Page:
At least 40 Indian paramilitary police have been killed in a bomb attack by militants on their convoy in Indian-administered Kashmir.
Police told the BBC that a car filled with explosives had rammed a bus carrying the troops to Srinagar.
Pakistan-based Islamist group Jaish-e-Mohammad said it was behind the attack.
It is the deadliest militant attack on Indian forces in Kashmir since the insurgency against Indian rule began in 1989.
India has called for international sanctions against Jaish-e-Mohammad’s leader, Masood Azhar.
Pakistan said the attack was a matter of “grave concern” but rejected suggestions that it was responsible for it.
Both India and Pakistan claim all of Muslim-majority Kashmir but only control parts of it.
The blast took place on the heavily guarded Srinagar-Jammu highway about 20km (12 miles) from the main city in Indian-administered Kashmir, Srinagar.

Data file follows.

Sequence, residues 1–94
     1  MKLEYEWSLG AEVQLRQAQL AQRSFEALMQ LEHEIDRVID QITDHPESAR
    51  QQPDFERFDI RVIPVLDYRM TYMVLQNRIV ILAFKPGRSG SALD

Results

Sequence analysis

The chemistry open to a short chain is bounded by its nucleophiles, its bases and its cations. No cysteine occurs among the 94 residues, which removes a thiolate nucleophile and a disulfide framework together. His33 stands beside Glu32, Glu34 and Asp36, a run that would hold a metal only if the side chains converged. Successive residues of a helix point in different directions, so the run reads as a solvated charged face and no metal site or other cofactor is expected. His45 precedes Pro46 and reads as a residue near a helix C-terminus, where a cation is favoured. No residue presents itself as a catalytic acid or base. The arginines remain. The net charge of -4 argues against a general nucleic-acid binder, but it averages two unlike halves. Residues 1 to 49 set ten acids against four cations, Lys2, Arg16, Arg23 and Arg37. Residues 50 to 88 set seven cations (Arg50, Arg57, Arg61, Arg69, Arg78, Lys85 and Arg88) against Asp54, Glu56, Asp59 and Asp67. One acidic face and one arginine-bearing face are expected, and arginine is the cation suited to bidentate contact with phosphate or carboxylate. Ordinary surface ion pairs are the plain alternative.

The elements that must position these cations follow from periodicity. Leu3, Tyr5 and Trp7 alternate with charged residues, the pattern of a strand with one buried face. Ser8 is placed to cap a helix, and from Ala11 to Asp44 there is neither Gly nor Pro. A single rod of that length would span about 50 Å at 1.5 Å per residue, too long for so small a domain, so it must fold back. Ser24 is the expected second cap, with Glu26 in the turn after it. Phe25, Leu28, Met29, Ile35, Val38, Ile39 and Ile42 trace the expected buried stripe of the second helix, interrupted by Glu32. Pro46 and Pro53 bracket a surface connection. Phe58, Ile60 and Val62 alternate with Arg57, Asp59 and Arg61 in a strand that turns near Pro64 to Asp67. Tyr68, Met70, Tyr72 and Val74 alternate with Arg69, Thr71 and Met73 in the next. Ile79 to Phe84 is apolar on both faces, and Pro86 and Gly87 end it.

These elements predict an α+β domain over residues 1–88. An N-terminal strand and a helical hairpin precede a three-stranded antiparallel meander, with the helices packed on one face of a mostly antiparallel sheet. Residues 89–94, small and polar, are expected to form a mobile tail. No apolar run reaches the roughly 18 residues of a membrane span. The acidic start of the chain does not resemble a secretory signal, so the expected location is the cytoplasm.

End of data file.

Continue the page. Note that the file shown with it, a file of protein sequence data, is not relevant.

Indian media reports said that at about 15:15 local time (09:45 GMT) a car carrying between 300 and 350kg (660-770lb) of explosives struck a convoy of about 70 vehicles that was carrying about 2,500 troops to the Kashmir Valley.
“A car overtook the convoy and rammed into a bus with 44 personnel on board,” a senior police official told BBC Urdu’s Riyaz Masroor.
The official said the death toll might increase because dozens were “critically injured”.
The highway had previously been closed for a week because of snow, reports said.
AFP news agency said Jaish-e Mohammad had told local media it had carried out a suicide bombing.
What has the reaction been?
Indian Prime Minister Narendra Modi has strongly condemned the attack.
Home Minister Rajnath Singh said Jaish-e-Mohammad was “Pakistan-based and Pakistan-backed” while Finance Minister Arun Jaitley said those responsible would be given an “unforgettable lesson for their heinous act”.
However in a statement the Pakistani government said it strongly rejected “any insinuation by elements in the Indian media and government that seek to link the attack to Pakistan without investigations”.
The US, the UN Secretary General and many other countries have condemned the attack.
Two former Indian chief ministers of the state, Omar Abdullah and Mehbooba Mufti, tweeted about it.